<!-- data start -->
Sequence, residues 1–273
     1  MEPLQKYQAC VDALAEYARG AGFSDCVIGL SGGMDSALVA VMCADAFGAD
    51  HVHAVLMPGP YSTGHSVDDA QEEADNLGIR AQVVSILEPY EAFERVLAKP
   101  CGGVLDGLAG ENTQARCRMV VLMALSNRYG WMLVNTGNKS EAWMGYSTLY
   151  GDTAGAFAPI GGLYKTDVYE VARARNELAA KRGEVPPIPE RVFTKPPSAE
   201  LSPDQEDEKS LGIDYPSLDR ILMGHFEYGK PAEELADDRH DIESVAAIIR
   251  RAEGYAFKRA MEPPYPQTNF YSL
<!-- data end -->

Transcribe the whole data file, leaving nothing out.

Sequence, residues 1–273
     1  MEPLQKYQAC VDALAEYARG AGFSDCVIGL SGGMDSALVA VMCADAFGAD
    51  HVHAVLMPGP YSTGHSVDDA QEEADNLGIR AQVVSILEPY EAFERVLAKP
   101  CGGVLDGLAG ENTQARCRMV VLMALSNRYG WMLVNTGNKS EAWMGYSTLY
   151  GDTAGAFAPI GGLYKTDVYE VARARNELAA KRGEVPPIPE RVFTKPPSAE
   201  LSPDQEDEKS LGIDYPSLDR ILMGHFEYGK PAEELADDRH DIESVAAIIR
   251  RAEGYAFKRA MEPPYPQTNF YSL